Over the past four years, I have done a lot of planning and arranging in German. I have no issues setting up utilities, reserving a hotel room, planning a vacation, or making coffee dates in my second language. I am pretty much unfazed by any situation I find myself in. I remain generally confident that if I’m not right, I’m close enough. Until parenting comes into play.
The one place I do experience unparalleled fear and uncertainty is making arrangements where my children are concerned. I realized this last night as I paced the floor waiting for my son to return from a playdate. While he left school with his friend, full of anticipation and eager for adventure, I began to replay the conversation I had with the child’s mother. I began to ask myself questions. I made all of the arrangements over the telephone in my second, far from fluent language. Did I really have all of the information I needed? Did I understand everything she said? Had we coordinated everything? I needed to wait, and have a little faith. Faith in someone I barely knew, and faith that I comprehend and convey more information than I realize.
The planned hour for drop-off came and went with no word from my child. I wasn’t exactly panicking, but I wasn’t exactly relaxing either. I told myself I’d wait a half hour before I called. When I called exactly one half hour later, there was no answer. I wondered if it was time to panic yet.
But before full-blown panic could set in, the phone rang. It was the other mom. “Keine Panik”, don’t panic, she tells me. The boys are playing and they’ve lost track of time. They’ll be there in a little while. I feel tension I didn’t even realize I was carrying melt away, although I am not fully relaxed again until he walks through the door a little while later.
In most areas of my life, I am fairly comfortable with a high level of uncertainty. I am married to someone whose job makes uncertainty an unavoidable aspect of everyday life. I never know exactly when he’ll be home for the day, I’m never surprised if work takes him away for a day, a week, a month, a year. I don’t know how long we’ll live in any one place, and I never know where we’ll live next. I am surprisingly ok with that.
But uncertainty in parenting is not something I’m ok with. In all of the challenges I’ve faced living outside of my passport country, the only ones that have reduced me to tears have involved my children. It is a special feeling of helplessness when you can’t read the directions on the antibiotics your child needs. It is a different feeling of failure when you don’t know if you’ve done the best for your child, because you don’t fully understand the language. It is a new kind of despair that takes over when your child is having a problem and you don’t know if you can adequately help them. I know. I have been there.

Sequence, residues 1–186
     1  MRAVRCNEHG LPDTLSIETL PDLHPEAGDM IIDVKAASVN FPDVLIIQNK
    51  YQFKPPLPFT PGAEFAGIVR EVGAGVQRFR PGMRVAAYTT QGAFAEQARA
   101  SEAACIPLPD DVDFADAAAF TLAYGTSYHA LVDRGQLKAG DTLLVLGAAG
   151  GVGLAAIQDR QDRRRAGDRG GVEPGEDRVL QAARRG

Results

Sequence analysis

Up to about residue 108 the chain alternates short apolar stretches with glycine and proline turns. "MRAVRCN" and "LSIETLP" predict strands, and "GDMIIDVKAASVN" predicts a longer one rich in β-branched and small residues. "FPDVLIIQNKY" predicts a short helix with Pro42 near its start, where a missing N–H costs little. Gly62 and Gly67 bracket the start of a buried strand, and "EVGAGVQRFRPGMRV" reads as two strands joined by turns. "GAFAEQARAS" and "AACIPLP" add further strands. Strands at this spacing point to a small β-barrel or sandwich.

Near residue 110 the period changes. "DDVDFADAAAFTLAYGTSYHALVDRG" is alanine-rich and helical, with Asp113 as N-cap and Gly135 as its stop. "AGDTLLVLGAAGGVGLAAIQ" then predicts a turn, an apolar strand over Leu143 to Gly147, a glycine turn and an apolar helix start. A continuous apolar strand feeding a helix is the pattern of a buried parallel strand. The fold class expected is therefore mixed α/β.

For me, this is the most difficult part of living abroad. Being the best parent you can, doing the best for your child, operating in a high level of uncertainty and still providing them with everything they need. Even four years later, this continues to be a work in progress. As the children grow, their needs and challenges grow too. It doesn’t get easier as they get older, but it changes.
It doesn’t really matter what the challenges are, when your children are concerned, you always want to succeed. Parenting in a non-native language can seem overwhelming at times. But don’t despair, and don’t give up. If I can do it, you can too.
Here are some of the things that have worked for me.
When coordinating with other parents, have a list of information you need ready to fill out. It’s easy to get overwhelmed by information when you are making plans in a second language. Ask them to spell out anything you don’t quite understand, names can be especially difficult, and your child probably doesn’t know the family name.
Never leave the doctor’s office without understanding the frequency and dosage of the medication, and have them write it down for you.
Always double-check the time and location of events. Ask again if you are still uncertain. Write them down, immediately.
Establish communication with your child’s teacher. Schedule times to talk, email them. Ask them questions, and make sure you understand what they are saying. Repeat it back to them in words you are comfortable using. Don’t be afraid to tell them that you don’t understand something.
As much as you can, include your children. Ask them what if they can tell you what something means. Make sure they understand what you expect from them. Ask them questions. Know what’s going on with them in school, and at home. Include them, involve them, but don’t rely on them.
Find someone you can talk to when it starts to feel like it’s too hard. When there is a problem that seems insurmountable, hearing that one reassuring voice can give you the courage to face anything.
Accept that you will make mistakes. Learn from them, don’t let them defeat you. Tell yourself you’ll do better next time, and believe that you will.
How do you deal with parenting challenges when you are in unfamiliar territory?